Landlords key to solving crisis

Wednesday 6 September 2017

Investors have a critical role to play in resolving Auckland’s housing problems and that means landlord bashing doesn’t help anyone, says the woman behind the Auckland Housing Summit.

By Miriam Bell

A report based on findings from the Summit, which was held early in August, has just been released and a key message is that collaborative action is needed to resolve the city’s housing crisis.

The importance of “a central vision” and engaging all Aucklanders, across all sectors, on the journey to fix the issue is highlighted throughout the report.

Auckland Housing Summit organising committee chairwoman Leonie Freeman said that sensationalist coverage of issues like rental property and tenants’ rights doesn’t help.

Rather it is critical to move past some of the dramatic coverage and extreme messages that are being put around out there, she said.

“Resolving the housing crisis is not as simple as saying get rid of residential property investors – because we actually need investors to provide rental housing.”

Freeman, who is a director of the Goodman Property Trust and a former general manager of Housing New Zealand, said people tend to portray developers and investors as greedy and self-interested.

“But we are all in this together. It is not an ‘us and them’ situation. We need developers and investors to build and provide desperately needed housing.

“Every one of the relevant sector groups has a role to play. And that means investors need to be a key part of the solution to the housing crisis, especially when it comes to rental accommodation.”

Perhaps the key recommendation to come from the Summit was that a new, independent, not-for-profit housing organisation should be established.

Freeman said that while central and local government would be key stakeholders, the organisation would be neutral and driven by solutions rather than politics.

“From establishing a vision and strategic plan, to the delivery of finished houses, this new organisation would include existing industry players, agencies and the broader community.

“It would provide an essential co-ordination role aimed at filling the current gaps and removing the overlaps and inconsistencies.”

Some of the Summit report’s more specific recommendations include:

• Aiming to build 14,000 new houses in Auckland each year;
• Banning foreign buyers from buying existing dwellings;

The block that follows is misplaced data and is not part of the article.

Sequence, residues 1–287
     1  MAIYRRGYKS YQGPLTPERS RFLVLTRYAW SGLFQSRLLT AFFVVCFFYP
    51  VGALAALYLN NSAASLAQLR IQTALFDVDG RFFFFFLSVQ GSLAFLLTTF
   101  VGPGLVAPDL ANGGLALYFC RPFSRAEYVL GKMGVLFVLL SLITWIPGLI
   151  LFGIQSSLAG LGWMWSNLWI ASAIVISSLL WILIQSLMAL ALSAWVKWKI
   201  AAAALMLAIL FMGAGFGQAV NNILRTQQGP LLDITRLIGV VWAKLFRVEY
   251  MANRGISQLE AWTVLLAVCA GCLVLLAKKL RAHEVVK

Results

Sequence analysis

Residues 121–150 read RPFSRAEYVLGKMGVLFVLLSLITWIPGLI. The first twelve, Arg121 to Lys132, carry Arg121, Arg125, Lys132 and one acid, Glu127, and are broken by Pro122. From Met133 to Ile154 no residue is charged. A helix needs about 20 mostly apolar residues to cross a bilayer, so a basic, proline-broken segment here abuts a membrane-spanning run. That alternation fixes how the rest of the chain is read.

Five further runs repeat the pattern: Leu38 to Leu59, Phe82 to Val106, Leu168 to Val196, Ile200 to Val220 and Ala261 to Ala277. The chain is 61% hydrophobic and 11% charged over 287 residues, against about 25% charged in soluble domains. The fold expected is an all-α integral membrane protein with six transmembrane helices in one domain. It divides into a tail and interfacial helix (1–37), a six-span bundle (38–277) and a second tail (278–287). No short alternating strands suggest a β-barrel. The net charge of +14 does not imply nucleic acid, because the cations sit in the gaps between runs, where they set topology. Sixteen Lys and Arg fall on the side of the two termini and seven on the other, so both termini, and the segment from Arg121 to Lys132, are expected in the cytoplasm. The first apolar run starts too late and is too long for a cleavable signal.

• Replicating good design on a larger scale;
• Addressing the costs of construction;
• Speeding up the consent process; and
• Provision of assisted financing options.

Freeman said the Summit marked the first step in a collective call to Aucklanders to connect and brainstorm the way forward.

“Now it’s about improving the messages that are put out there and better educating the public about how things work.

“There needs to be better co-ordination of communication and information as well as greater transparency about what is happening and how and what people can do.”

One example of this need can be seen in the polarising dialogue over increasing security of tenure in rental properties, she said.

“The popular perception is that landlords are opposed to this. In reality, many landlords would like to have greater security of tenure too.

“But tenants need to understand that security of tenure goes both ways and has implications for them as well as landlords.”

*The Auckland Housing Summit report – Connecting Minds, Collective Action – can be read here and input and feedback is welcomed.

Read more:

Combatting Auckland’s housing crisis 

Joining the dots to solve Auckland’s problems 

Comments from our readers

On 7 September 2017 at 4:37 pm Nozzle said:
As an experienced investor, I support greater security of tenure but, as Leonie Freeman says, tenants must realize it will cut both ways and has implications for them as well as landlords.
On 21 September 2017 at 4:38 pm WellyLL said:
I'm sure some large scale landlords support the idea of long term tenure. But it is smoke and mirrors. It is only tabled to benefit tenants (who get long term tenure but the right of exit at three weeks notice whenever they wish to exit. Therefore the proposed benefit can only but interfere with a landlord's personal property rights frustrating their wish for vacant possession even at 90 days notice. SO really, what do tenants need to understand? is it not all upside for them?

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